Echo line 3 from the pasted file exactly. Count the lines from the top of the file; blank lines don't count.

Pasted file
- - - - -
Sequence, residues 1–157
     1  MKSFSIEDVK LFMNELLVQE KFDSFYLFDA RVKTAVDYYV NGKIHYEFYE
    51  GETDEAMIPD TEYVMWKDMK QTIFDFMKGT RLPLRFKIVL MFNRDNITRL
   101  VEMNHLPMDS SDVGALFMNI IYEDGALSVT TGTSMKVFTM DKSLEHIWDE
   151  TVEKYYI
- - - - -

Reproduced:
    51  GETDEAMIPD TEYVMWKDMK QTIFDFMKGT RLPLRFKIVL MFNRDNITRL